Major panel: Drug war failed; legalize marijuana
Compiled by the Global Commission on Drug Policy, the report concludes that criminalization and repressive measures have failed with devastating consequences for individuals and societies around the world.
"Political leaders and public figures should have the courage to articulate publicly what many of them acknowledge privately: that the evidence overwhelmingly demonstrates that repressive strategies will not solve the drug problem, and that the war on drugs has not, and cannot, be won," the report said.
The 19-member commission includes former presidents of Mexico, Brazil and Colombia, Greece's prime minister, former U.N. Secretary-General Kofi Annan, former U.S. officials George P. Schultz and Paul Volcker, the writers Carlos Fuentes and Mario Vargas Llosa, and British billionaire Richard Branson.
At a news conference launching the report, former Brazilian President Fernando Henrique Cardoso, who chairs the commission said ending the war on drugs does not imply complete liberalization.
"We are making this effort to open a debate and to say: Stop the war on drugs and let's be more constructive in trying to reduce the consumption," Cardoso said. "It's not peace instead of war. It's a more intelligent way to fight."
Instead of punishing drug users, the commission argues that governments should "end the criminalization, marginalization and stigmatization of people who use drugs but who do no harm to others."
The commission urged governments to experiment "with models of legal regulation of drugs to undermine the power of organized crime and safeguard the health and security of their citizens." It said this recommendation applies especially to marijuana.
Branson, speaking at the press conference, highlighted the drug wars' high cost.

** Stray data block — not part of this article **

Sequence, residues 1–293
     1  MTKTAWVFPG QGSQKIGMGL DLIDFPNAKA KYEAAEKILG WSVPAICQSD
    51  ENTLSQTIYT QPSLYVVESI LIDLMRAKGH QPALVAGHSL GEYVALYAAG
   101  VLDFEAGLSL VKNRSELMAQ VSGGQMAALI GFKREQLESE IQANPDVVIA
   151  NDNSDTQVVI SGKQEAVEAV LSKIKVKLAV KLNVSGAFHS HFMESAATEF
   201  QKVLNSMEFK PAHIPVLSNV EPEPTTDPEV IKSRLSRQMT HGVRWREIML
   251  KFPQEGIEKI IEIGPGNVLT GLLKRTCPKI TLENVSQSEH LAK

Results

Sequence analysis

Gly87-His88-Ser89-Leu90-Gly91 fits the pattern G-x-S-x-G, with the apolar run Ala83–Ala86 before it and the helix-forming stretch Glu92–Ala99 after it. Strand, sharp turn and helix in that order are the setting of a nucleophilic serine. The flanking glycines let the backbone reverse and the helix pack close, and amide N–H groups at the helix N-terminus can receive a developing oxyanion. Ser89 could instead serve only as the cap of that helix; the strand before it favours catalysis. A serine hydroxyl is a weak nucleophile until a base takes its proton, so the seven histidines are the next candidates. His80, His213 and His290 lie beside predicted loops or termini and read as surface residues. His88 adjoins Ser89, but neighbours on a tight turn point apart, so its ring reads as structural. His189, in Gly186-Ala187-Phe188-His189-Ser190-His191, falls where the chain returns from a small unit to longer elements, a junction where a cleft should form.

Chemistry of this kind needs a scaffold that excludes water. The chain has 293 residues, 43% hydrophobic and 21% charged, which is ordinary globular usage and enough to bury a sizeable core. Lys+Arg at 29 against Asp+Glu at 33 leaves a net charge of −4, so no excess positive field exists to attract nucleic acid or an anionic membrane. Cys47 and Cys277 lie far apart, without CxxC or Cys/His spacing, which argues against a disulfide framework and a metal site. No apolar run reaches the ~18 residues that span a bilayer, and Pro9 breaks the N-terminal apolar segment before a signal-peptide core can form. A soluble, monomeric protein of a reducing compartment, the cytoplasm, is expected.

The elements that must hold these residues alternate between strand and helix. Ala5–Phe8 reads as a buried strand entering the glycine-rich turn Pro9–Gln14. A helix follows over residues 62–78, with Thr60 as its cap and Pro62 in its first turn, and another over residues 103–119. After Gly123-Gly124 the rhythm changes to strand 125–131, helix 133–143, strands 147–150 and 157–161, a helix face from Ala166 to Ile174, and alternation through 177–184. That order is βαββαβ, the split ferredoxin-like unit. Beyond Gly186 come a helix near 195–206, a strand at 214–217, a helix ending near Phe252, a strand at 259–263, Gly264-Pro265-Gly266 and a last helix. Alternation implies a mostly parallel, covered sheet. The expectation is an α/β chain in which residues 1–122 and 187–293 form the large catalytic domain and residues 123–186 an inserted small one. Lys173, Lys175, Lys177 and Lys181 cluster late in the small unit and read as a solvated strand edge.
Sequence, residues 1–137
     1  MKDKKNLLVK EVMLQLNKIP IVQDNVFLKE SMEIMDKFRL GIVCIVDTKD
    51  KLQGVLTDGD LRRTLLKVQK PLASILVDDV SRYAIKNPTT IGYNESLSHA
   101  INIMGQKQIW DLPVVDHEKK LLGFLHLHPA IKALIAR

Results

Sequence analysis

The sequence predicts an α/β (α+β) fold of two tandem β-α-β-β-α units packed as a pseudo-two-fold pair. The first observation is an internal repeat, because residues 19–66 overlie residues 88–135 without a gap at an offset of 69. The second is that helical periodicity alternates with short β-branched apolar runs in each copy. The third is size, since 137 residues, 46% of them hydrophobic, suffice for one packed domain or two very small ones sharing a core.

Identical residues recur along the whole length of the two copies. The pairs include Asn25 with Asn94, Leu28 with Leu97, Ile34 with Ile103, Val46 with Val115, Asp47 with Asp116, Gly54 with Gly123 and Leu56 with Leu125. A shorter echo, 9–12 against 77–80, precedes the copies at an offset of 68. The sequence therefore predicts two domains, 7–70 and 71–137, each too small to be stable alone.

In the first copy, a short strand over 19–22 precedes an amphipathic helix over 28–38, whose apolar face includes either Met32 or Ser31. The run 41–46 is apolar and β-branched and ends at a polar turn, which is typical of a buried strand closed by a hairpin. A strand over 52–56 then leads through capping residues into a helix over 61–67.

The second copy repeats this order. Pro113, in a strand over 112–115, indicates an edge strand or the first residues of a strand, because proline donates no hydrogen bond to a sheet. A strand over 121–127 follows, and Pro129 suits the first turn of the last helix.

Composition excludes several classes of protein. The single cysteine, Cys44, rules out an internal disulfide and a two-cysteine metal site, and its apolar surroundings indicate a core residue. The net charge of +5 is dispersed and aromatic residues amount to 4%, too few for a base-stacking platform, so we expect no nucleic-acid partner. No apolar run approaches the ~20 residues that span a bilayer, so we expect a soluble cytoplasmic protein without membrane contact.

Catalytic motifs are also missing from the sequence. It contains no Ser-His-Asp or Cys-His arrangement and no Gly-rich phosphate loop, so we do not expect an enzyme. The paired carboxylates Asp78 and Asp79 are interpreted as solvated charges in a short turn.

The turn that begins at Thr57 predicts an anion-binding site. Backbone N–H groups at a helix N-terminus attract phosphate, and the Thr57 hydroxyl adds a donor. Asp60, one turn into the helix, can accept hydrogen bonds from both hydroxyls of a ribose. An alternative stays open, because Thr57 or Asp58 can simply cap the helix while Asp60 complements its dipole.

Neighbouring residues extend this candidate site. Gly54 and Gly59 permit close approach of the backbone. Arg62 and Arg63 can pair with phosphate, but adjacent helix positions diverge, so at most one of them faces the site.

"It's estimated that over one trillion have been spent on fighting this unwinnable battle," Branson said. "The irony is that a regulated market — one that is tightly controlled, one that would offer support not prison to those with drug problems — would cost tax payers much less money."
The report called for drug policies based on methods empirically proven to reduce crime, lead to better health and promote economic and social development.
The commission is especially critical of the United States, which its members say must lead changing its anti-drug policies from being guided by anti-crime approaches to ones rooted in health care and human rights.
"We hope this country (the U.S.) at least starts to think there are alternatives," former Colombian president Cesar Gaviria told The Associated Press by phone. "We don't see the U.S. evolving in a way that is compatible with our (countries') long-term interests."
The office of White House drug czar Gil Kerlikowske said the report was misguided.
"Drug addiction is a disease that can be successfully prevented and treated. Making drugs more available — as this report suggests — will make it harder to keep our communities healthy and safe," Office of National Drug Control Policy spokesman Rafael Lemaitre said.
That office cites statistics showing declines in U.S. drug use compared to 30 years ago, along with a more recent 46 percent drop in current cocaine use among young adults over the last five years.
The report cited U.N. estimates that opiate use increased 34.5 percent worldwide and cocaine 27 percent from 1998 to 2008, while the use of cannabis, or marijuana, was up 8.5 percent.